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Call-Response Surveys for Monitoring Breeding Waterbirds
James P. Gibbs and Scott M. Melvin
The Journal of Wildlife Management
Vol. 57, No. 1 (Jan., 1993), pp. 27-34
Stable URL: http://www.jstor.org/stable/3808996
Page Count: 8
You can always find the topics here!Topics: Wetlands, Broadcasting industry, Waterfowl, Aviculture, Breeding seasons, Breeding, Bird songs, Animal vocalization, Population trends, Habitat conservation
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We broadcast vocalizations of pied-billed grebe (Podilymbus podiceps), American bittern (Botaurus lentiginosus), least bittern (Ixobrychus exilis), Virginia rail (Rallus limicola), and sora (Porzana carolina) to derive a standardized method to monitor breeding populations of these secretive waterbirds. Broadcast of tape-recorded calls at 60 wetlands in Maine improved species detectability by 93-1, 320% over passive observation. Detection rates at wetlands where target species were known to occur ranged between 0.56 (least bittern) and 0.86 (pied-billed grebe) per survey visit. Three visits to a wetland were adequate to determine the presence or absence of all species with 90% certainty. Least bitterns, soras, and Virginia rails were detected primarily within 50 m of observers; pied-billed grebes and American bitterns were detected up to 500 m distant. Most responses were aural. Responsiveness of each species varied nonsystematically in relation to seasonal chronology, time of day, wind, precipitation, and cloud cover. Single, annual surveys at a stratified random sample of wetlands (i.e., waterbird "miniroutes") can generate sufficient encounter rates for these species to monitor population trends.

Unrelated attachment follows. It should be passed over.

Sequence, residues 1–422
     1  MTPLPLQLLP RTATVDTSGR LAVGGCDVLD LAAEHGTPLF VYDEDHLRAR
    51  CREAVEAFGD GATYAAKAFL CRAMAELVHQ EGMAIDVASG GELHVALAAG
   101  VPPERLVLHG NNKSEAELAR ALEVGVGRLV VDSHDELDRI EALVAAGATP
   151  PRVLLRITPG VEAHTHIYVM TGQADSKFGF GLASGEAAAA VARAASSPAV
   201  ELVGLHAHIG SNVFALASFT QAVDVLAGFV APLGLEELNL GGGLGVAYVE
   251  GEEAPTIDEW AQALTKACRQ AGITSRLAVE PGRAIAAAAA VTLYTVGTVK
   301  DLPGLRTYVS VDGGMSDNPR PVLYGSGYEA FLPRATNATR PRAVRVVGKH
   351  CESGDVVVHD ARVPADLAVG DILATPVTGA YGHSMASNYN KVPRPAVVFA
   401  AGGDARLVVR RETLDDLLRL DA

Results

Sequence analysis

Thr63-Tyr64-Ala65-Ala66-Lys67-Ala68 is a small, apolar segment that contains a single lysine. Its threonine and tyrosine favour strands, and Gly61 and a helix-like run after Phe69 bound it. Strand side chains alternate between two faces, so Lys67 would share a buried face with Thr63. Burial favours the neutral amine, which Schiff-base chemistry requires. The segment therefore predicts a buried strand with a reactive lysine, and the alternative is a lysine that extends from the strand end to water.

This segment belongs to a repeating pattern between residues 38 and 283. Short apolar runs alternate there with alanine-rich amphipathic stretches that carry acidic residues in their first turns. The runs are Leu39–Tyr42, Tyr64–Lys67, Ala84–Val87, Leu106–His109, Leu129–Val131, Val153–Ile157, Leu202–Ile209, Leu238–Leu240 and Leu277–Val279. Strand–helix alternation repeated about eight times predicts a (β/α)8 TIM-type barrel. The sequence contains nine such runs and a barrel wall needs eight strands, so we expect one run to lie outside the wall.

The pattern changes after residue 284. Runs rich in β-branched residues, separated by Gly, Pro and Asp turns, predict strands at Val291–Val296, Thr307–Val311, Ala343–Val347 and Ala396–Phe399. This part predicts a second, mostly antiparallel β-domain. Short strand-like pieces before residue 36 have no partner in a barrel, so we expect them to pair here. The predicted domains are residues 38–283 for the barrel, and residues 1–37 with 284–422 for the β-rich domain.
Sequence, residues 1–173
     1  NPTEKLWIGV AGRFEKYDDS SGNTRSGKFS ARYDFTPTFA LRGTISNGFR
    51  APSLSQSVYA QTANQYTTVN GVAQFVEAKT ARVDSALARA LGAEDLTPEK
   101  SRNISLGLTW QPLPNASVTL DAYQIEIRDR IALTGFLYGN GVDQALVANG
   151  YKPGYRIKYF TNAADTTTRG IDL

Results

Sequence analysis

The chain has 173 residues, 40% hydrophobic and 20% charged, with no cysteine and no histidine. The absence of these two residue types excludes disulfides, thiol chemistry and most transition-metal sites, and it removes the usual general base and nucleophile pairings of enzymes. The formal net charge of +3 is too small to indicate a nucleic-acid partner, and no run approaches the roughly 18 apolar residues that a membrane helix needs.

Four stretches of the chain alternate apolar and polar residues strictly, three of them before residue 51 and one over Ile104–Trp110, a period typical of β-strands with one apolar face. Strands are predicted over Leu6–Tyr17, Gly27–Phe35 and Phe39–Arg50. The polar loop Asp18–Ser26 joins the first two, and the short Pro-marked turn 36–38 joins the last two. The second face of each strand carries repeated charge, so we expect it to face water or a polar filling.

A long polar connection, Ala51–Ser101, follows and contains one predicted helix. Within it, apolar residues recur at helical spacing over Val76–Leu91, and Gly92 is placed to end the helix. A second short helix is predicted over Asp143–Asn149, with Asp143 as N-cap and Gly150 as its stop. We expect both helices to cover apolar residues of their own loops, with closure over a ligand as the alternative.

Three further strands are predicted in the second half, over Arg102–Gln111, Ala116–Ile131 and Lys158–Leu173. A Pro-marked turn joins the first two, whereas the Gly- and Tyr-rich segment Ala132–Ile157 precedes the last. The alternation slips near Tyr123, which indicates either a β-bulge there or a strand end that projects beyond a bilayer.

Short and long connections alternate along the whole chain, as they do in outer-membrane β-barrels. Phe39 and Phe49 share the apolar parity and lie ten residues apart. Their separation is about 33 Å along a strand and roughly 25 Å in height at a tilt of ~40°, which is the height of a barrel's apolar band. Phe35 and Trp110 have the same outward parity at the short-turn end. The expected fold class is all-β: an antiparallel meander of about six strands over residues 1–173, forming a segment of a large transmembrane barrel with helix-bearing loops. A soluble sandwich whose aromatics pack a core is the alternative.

The Journal of Wildlife Management © 1993 Wiley